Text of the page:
The housing stimulus package involves £15.3bn of new cash for housing over the next five years, bringing total support for housing to at least £44bn over this period.
He pledged to push forward planning reforms to ensure more land was available for housing, and that better use was made of underused land in our cities and towns.
Philip Hammond said £204m of funding would be allocated for innovation and skills in the construction sector, including training a workforce to build new homes.
This will include £34m to scale up innovative training models across the country, including a programme in the West Midlands.
The government is working with industry to finalise a Construction Sector Deal that will support innovation and skills in the sector, including £170m of investment through the Industrial Strategy Challenge Fund.
Construction skills will also be a focus for the National Retraining Scheme.
From his pot of new cash an extra £2.7bn will be injected into the housing infrastructure fund, doubling it to £5bn.
He also pledged to build five new garden towns by 2050 delivering an extra one million homes.
Hammond said he would plough £630m into a small sites fund to “unstick” the delivery of 40,000 homes.
Stamp duty is abolished for first time buyers on homes up to £300,000 from today.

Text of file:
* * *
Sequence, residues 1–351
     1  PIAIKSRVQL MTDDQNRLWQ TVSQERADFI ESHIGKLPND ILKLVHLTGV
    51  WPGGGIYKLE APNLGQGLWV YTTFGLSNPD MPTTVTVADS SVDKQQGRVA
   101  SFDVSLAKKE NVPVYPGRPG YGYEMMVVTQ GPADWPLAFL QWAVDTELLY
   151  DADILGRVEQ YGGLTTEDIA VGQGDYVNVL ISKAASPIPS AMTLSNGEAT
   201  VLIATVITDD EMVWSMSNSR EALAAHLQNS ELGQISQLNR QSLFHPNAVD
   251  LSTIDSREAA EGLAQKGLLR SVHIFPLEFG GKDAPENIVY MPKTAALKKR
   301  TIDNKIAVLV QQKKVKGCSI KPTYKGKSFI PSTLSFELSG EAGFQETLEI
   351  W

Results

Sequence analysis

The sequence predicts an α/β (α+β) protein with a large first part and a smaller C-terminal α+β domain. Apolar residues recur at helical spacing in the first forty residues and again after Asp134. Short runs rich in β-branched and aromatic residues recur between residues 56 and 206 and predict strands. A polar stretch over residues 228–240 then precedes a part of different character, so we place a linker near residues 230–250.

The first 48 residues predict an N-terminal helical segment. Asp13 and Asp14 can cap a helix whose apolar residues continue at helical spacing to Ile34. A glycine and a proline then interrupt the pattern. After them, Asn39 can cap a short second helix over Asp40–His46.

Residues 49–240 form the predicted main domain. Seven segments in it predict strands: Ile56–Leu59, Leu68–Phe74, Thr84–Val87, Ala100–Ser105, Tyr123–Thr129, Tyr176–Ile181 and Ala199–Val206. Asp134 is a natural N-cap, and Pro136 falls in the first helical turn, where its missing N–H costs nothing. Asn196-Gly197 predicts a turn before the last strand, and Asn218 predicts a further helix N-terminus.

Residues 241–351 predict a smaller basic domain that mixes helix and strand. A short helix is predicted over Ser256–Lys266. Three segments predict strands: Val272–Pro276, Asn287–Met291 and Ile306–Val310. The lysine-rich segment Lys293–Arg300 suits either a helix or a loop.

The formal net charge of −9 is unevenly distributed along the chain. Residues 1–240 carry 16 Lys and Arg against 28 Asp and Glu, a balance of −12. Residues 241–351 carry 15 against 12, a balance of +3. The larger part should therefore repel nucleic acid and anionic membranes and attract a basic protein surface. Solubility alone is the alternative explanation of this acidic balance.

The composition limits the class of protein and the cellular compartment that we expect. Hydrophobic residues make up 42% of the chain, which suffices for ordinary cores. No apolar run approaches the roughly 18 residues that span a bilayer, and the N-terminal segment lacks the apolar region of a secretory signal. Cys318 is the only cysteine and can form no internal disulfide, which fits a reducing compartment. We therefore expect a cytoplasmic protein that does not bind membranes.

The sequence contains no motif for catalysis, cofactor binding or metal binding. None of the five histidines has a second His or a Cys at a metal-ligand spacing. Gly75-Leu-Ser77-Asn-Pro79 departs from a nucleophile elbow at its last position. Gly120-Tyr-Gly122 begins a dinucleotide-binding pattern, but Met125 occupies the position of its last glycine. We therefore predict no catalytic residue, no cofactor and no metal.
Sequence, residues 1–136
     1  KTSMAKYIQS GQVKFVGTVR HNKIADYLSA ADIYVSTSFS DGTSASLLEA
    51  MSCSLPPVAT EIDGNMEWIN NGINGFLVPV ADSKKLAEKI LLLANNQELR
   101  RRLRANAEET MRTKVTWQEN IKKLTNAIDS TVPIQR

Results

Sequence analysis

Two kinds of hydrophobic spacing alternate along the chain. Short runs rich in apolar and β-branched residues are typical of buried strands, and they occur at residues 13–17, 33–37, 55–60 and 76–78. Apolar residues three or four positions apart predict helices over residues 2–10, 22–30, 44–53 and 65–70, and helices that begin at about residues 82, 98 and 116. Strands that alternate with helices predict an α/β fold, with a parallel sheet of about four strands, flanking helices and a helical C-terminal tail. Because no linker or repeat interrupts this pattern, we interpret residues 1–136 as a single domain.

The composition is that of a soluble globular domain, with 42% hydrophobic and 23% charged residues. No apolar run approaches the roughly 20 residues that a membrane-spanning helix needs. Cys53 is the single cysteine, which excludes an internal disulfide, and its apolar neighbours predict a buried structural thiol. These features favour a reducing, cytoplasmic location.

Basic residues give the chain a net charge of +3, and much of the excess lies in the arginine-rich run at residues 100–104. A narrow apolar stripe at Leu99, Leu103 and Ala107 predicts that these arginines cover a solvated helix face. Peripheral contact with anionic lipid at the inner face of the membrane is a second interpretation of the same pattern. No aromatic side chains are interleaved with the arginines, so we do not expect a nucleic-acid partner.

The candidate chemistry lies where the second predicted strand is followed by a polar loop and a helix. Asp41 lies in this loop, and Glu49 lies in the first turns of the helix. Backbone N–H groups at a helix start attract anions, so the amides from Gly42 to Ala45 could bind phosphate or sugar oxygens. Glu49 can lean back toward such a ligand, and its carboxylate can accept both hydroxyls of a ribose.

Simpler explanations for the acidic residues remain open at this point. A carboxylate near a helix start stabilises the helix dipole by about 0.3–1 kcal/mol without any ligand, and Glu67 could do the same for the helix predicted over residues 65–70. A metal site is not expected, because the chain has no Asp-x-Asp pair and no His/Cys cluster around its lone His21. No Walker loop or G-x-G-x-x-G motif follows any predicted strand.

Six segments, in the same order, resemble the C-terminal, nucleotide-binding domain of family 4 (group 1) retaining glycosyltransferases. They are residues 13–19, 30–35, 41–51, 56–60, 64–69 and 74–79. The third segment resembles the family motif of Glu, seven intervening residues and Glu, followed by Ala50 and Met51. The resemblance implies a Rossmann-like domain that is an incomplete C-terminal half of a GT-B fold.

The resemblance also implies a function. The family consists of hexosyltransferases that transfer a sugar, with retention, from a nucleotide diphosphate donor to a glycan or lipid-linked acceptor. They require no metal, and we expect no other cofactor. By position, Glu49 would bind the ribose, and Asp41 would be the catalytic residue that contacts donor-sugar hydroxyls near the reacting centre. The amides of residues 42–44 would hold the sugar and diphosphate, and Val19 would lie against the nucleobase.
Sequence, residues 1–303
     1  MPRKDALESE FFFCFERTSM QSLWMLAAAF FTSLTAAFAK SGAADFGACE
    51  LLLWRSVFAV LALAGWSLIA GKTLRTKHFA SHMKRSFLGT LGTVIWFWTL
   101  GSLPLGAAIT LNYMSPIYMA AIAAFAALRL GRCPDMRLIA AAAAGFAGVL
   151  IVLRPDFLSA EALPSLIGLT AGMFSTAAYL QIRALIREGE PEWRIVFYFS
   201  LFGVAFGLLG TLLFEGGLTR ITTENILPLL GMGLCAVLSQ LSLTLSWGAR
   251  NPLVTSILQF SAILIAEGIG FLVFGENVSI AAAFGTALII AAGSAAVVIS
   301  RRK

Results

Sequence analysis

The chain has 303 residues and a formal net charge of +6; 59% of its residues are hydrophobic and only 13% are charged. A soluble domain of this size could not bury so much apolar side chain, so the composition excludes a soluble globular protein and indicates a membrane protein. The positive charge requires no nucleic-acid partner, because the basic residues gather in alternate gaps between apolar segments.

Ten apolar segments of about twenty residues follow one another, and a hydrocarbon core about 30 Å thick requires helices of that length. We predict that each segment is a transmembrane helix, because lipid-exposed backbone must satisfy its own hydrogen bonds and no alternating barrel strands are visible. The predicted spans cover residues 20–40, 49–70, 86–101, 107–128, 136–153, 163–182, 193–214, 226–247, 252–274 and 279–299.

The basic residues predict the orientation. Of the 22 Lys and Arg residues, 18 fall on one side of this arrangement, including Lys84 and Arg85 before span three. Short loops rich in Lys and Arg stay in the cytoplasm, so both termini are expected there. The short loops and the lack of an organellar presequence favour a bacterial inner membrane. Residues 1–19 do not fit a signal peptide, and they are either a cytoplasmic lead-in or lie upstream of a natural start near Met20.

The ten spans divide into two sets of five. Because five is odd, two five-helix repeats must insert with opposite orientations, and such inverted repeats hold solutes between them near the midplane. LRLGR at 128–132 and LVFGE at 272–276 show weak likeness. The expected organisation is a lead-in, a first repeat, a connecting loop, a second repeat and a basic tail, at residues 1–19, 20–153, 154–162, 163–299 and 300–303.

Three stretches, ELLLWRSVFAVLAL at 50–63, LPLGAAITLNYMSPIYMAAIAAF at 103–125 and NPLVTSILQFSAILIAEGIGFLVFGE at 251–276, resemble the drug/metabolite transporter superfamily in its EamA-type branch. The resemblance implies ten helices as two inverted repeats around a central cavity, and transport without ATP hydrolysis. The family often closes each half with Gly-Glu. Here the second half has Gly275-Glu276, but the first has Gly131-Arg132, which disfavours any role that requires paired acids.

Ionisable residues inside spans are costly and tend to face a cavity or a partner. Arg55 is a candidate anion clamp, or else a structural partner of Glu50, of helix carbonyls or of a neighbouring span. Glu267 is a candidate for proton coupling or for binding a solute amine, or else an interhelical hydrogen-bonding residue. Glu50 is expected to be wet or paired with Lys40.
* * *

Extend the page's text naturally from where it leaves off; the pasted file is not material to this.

In London and other expensive areas, the first £300,000 of the cost of a £500,000 purchase by first-time buyers will be exempt from stamp duty
The Homes and Communities Agency will be renamed Homes England, and given fresh powers to drive forward housing delivery including compulsory purchase orders.
Tory policy tsar Sir Oliver Letwin will carry out a review into claims of land banking by the volume house builders.
He is tasked to provide an interim report in time for Spring Statement 2018 and a full report at Budget 2018.
The government will also develop a central register of residential planning permissions from local authorities to improve information on where permissions are held and progress towards them being built out.
Other spending highlights
- National Productivity Investment Fund extended for a year and expanded to over £31bn
- £1.7bn for Transforming Cities Fund to connect cities
- £98m to support a new bridge in Great Yarmouth (above)
- £79m towards a new A30 link road near St Austell to supporting housing plans
- £500m for 5G networks, fibre broadband
- £300m to better connect northern rail links to High Speed 2
- £130m to clean-up former Redcar steelwork site
- £400m for electric car charging points
- New National computing centre for computing
- £20m to support FE colleges to teach T-Levels for apprenticeships.
- £5m for a construction skills training scheme in the Midlands
- Pledge to fund local authorities for post Greenfell fire safety work
- Extra £76m for flood and coastal defence schemes over the next three years
- £1bn discounted lending available to local authorities to support high-value infrastructure projects